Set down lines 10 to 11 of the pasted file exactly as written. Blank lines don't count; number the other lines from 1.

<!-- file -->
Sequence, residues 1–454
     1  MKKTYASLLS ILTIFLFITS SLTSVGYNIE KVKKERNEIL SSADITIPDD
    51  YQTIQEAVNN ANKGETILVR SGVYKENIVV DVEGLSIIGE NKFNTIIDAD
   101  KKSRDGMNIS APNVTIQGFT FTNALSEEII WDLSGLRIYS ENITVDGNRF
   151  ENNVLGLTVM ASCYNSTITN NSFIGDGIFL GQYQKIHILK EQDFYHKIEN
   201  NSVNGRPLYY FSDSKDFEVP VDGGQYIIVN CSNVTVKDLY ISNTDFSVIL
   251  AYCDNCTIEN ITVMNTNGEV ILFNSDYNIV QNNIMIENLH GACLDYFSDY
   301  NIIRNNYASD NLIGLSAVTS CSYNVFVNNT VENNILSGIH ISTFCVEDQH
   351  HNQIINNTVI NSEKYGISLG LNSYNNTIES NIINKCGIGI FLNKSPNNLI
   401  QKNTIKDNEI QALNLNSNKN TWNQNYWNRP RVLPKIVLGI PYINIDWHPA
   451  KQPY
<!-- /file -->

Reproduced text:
   401  QKNTIKDNEI QALNLNSNKN TWNQNYWNRP RVLPKIVLGI PYINIDWHPA
   451  KQPY